Charleston Police Department
Nathaniel Rhodes, 58, appeared to have difficulty breathing while sitting at police headquarters after a suspected DUI incident on Aug. 12, 2018. Earlier that night, he was signed out of emergency care by a Charleston police officer.
The South Carolina Law Enforcement Division has declined to bring charges against a Charleston police officer who signed a man out of EMS care in August, though the police department has since demoted him to a desk job.
In a report dated April 2, SLED concluded that Nathaniel Rhodes was slipping "in and out" of consciousness at the Charleston Police Department on Aug. 12, 2018. He was later taken to the Medical University of South Carolina, where he died of blunt force trauma to the abdomen four days later.
Officer Paul Kelly had responded to the intersection of Coming Street and the Crosstown Expressway after Rhodes, a 58-year-old husband and father, ran a red light and got hit by a pickup truck earlier that night. Charleston County EMS evaluated Rhodes on scene and documented no complaints or visible injuries, according to the SLED report.
Rhodes asked to go the hospital, but when Kelly arrived, he saw an open bottle of alcohol in Rhodes' car and ordered him to take a field sobriety test, which he failed.
An emergency medical technician told the officer that Rhodes needed to go to the hospital for further evaluation, but Kelly was determined to take him downtown.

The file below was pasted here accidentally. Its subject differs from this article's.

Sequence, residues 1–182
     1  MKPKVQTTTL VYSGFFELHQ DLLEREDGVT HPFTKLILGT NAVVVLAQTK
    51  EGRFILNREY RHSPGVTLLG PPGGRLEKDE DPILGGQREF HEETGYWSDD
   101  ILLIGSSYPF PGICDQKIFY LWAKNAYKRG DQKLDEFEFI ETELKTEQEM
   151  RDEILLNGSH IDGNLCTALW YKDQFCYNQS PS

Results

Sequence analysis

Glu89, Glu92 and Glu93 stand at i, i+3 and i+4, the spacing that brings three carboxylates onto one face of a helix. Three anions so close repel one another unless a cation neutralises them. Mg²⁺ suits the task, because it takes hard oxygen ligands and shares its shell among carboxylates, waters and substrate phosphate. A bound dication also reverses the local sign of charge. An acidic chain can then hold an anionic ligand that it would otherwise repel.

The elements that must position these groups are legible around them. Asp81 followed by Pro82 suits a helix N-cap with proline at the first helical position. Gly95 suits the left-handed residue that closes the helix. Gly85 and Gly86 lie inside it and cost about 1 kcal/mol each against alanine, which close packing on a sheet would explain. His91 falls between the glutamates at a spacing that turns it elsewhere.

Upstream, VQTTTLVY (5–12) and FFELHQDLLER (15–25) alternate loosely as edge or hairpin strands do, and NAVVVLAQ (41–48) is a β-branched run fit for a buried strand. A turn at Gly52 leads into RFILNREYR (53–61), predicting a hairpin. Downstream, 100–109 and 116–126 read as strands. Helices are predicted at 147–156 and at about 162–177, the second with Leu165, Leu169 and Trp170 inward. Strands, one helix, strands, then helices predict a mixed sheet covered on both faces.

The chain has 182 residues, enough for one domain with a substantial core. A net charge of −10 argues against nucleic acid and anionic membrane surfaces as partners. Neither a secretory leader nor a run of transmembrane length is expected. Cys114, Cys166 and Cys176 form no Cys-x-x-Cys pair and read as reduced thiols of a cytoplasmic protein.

"Ofc. Kelly responded that he had gotten burned once on a DUI charge, and he wasn't letting Rhodes out of his sight," according to an EMT who spoke to SLED.
Kelly then signed a form refusing hospital care on Rhodes' behalf.
"Upon review of this file, it is my legal opinion that the officer did not commit misconduct in office," said Assistant Attorney General Jerrod Fussnecker in a letter to SLED chief Mark Keel dated May 1.
The state's report, however, suggests that EMS standards were not followed.
"When a patient refuses to be transported to a medical facility, the procedure is to have the patient sign a refusal form that is presented on an electronic signature device," said Carl Benton, assistant chief of Charleston County EMS, in an interview with investigators. "The form must also have the signature of another person as a witness to acknowledge the patient's refusal."
On Wednesday, the Charleston Police Department said that Kelly's actions violated department policy. He has since been reassigned to a "non-sworn" position.
"The family of Nathaniel Rhodes is pleased that this tragic, unnecessary incident was investigated, albeit after the family had to come forth publicly," said family attorneys Justin Bamberg and Christy Fargnoli in a joint statement.
Bamberg and Fargnoli shed light on the case in a press conference in February. The attorneys were joined by Rhodes' widow and daughter, who demanded answers about the officer's actions as well as unseen body-worn camera video, which the department said was mislabeled and subsequently deleted.
"While the investigation's findings that the officer actions that day were indeed wrong, nothing can ever replace this family's loss," Bamberg and Fargnoli said. "It is heartening to know that this officer will be remanded to a desk job, which will potentially save other lives."
The police department will institute two new policies in response to the incident.
First, officers have been "clearly instructed" to never sign refusal-of-treatment forms. Second, the department has extended the retention period for body-worn camera footage from 30 days to 180 days.
"I am very unhappy with our performance here, and we've made policy changes and are also providing additional training to address these issues," said Charleston police chief Luther Reynolds in a statement.
See related PDF